• “It sounds like you want to talk about what happened. Do you?” Showing interest can help children feel comfortable expressing feelings.
  • “Sometimes when a person’s body is sick, no matter how hard everyone tries, they cannot make it better. Is this something you have thought about?” This response leaves an opening for children to ask more questions.

Asking what happens after death 

If families believe in an afterlife, parents might talk about what this new place might be like. Some children find comfort in discussing who else might be there and what they are doing.

Families who do not believe in an afterlife might share something like, “When our bodies stop working, they go back to the earth and become a part of the world we share with the plants and animals.”

Learning what children think happens after someone dies can comfort parents as well. This discussion can also be a chance to clear up mistaken ideas. Storybooks that match family values and beliefs can also help parents talk to children about death. Parents might say something like: 

  • “The love we share will never go away. It will stay with us and always be a part of our lives.”
  • “There is love in every single memory we had together, and that will stay right here with us.”

Seeing the child again 

It is not uncommon for a sibling to ask, “Will I see my brother or sister again?” Depending on spiritual beliefs, parents might respond with something like:

  • “You will not be able to see your brother again because he is not here on earth with us anymore.” 
  • “You cannot see or touch her, but you can remember her in your heart and mind.”

Remembering their brother or sister

It is important to make sure children know that their brother or sister will always be a part of the family and will not be forgotten. Children might want to hear specific stories or memories. Sharing about dinners, holidays, birthdays, or favorite activities can reassure siblings that they will still be connected to their brother or sister.

Encourage children to share their ideas about things the family can do at special times to remember their sibling. You could say something like:

  • “On your sister’s birthday next year, let’s pick out a balloon, go to a special place, and let it fly high in the air while we think about her.”
  • “On the first day of each month, let’s eat one of your brother’s favorite meals.”
  • “What special thing would you like to do to remember her?”

Moving forward 

Grieving children often ask, “What are we going to do?” It can be helpful to admit that it is difficult to go on. Reassure children that the family will be together. You can support one another by saying: “It is hard to imagine not being all together. We will find ways to remember your sister and include her in our family. She will always be your sister.”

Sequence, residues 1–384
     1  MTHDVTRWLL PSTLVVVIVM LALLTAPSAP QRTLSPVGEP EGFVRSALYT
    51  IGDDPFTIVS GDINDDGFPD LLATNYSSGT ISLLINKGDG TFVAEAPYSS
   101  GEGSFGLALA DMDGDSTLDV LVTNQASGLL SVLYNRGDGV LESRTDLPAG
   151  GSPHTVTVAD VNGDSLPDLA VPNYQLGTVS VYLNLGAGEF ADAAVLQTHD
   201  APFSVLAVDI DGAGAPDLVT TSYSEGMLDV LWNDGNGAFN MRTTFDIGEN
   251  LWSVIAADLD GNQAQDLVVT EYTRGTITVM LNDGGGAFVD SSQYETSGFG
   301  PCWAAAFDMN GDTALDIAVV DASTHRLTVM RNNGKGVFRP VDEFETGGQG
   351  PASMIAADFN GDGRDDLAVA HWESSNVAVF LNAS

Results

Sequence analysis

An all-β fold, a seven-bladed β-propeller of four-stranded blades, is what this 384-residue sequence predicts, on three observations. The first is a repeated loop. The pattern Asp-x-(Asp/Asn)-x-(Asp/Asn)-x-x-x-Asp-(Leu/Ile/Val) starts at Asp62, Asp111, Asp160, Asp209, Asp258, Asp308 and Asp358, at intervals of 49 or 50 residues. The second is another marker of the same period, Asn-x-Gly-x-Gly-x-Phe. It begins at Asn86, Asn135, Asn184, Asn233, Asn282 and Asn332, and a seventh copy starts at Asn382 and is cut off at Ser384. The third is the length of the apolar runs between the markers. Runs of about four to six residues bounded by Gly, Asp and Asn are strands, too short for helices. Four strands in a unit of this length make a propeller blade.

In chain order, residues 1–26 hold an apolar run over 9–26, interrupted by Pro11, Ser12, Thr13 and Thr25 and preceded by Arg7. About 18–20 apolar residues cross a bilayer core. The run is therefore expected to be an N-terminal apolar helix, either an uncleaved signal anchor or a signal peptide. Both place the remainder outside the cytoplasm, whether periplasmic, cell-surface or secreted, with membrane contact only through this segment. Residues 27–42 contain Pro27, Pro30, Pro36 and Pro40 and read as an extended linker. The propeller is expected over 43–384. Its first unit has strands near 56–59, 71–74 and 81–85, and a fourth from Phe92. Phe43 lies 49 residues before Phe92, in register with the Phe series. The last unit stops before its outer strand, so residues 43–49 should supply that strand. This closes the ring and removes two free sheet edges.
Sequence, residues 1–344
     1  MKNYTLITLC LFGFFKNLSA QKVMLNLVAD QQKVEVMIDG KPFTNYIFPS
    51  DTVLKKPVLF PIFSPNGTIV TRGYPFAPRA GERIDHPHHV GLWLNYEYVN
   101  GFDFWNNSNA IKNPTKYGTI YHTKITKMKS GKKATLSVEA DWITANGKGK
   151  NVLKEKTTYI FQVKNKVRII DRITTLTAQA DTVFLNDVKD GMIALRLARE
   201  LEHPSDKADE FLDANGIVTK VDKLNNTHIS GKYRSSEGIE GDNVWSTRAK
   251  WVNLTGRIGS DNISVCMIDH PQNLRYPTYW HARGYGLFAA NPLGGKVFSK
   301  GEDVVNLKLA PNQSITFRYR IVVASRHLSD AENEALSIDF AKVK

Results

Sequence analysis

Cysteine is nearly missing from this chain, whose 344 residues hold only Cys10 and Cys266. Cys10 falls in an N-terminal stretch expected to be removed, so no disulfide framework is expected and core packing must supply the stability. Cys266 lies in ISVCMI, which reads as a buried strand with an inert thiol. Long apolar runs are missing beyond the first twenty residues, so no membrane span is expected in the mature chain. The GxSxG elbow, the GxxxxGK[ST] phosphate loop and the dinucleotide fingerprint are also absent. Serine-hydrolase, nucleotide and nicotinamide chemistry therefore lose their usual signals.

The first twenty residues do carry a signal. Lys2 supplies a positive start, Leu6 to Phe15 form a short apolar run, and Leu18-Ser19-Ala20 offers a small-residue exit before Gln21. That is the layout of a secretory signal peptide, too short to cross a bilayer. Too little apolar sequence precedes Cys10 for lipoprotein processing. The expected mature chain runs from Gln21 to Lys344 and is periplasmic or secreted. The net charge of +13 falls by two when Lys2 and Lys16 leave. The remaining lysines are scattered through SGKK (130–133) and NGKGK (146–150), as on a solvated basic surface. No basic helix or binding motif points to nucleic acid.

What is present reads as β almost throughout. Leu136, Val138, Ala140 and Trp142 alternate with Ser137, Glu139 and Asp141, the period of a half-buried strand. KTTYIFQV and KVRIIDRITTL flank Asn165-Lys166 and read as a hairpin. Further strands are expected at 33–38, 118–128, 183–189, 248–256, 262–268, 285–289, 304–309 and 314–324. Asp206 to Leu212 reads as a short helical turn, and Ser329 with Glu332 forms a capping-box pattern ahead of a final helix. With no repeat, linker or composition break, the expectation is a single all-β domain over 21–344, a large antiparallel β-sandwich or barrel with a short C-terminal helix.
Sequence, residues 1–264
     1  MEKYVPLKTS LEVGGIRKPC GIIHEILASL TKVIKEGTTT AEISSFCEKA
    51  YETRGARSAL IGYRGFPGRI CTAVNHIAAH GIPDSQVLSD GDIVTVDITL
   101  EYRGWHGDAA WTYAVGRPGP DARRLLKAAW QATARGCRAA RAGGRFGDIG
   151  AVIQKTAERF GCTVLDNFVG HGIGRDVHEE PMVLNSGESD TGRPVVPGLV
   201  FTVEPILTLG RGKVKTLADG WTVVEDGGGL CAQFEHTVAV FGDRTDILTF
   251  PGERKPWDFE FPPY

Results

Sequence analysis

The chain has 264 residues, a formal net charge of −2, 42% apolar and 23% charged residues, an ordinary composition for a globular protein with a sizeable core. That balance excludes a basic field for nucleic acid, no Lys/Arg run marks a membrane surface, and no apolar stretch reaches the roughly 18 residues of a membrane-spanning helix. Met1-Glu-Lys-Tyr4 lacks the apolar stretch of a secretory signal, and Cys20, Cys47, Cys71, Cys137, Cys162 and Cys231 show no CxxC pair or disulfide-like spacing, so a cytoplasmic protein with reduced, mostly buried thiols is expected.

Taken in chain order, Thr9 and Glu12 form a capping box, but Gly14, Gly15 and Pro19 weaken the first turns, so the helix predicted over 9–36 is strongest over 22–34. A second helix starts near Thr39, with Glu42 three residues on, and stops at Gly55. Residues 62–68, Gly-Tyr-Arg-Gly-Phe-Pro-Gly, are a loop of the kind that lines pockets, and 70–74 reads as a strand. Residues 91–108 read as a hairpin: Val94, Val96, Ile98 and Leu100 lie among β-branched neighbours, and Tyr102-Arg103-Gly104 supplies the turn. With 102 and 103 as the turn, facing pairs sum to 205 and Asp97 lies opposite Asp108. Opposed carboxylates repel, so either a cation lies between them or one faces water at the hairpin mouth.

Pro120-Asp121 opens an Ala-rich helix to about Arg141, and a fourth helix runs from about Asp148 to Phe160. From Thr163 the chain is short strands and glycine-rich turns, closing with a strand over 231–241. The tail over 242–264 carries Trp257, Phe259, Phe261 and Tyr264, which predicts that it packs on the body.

Be honest about feelings

When parents express feelings, it can help children understand that they are not alone and that their feelings are normal. It is important to allow children to express their raw emotions.

You may want to let your children know that you share the same feelings and that it is normal. Possible ways of discussing this include: 

  • “Mom feels sad that the medicine could not make the cancer stop growing.” 
  • “Sometimes I feel sad, and crying is one way to help get my feelings out.”
  • “Daddy is feeling crummy right now. How are you feeling?” 

Sometimes, parents do not know what to say. It is OK for parents to delay answering a question until they feel better prepared. The most important thing is to let children know that it is OK to ask questions.

If children know that parents are also wrestling with answers, then they can be more honest about their own struggles. A simple response might be, “That is a tough question. I have been thinking about it, too.”

Projects to help children grieve and remember

One way to support grieving children is to do something with them to honor and remember their brother or sister. Children might have ideas about what they would like to do. These ideas can be a source of great comfort.

These are some project ideas to help children grieve and remember:

  • Make a book of quotes, memorable stories, or photos.
  • Create a book about the child’s life or favorite memories together.
  • Write a poem or song.
  • Create a blog or journal about the child.
  • Say goodbye in a letter or speech that can be given to special people (or placed with the deceased prior to burial).
  • Plant a tree or flower in the child’s memory.
  • Write on the outside of a balloon, or put messages inside the balloon, and release the balloon into the sky.
  • Find a special item the child can take care of and keep close.

Key points about helping siblings with grief

  • Grieving is a process for both children and adults.
  • Children feel and show a range of emotions when they feel grief.
  • Parents should talk honestly with their children about death in a way that is right for their age and developmental level.
  • Completing a remembrance project to honor and remember their brother or sister is a way to support and comfort grieving children.


Reviewed: September 2023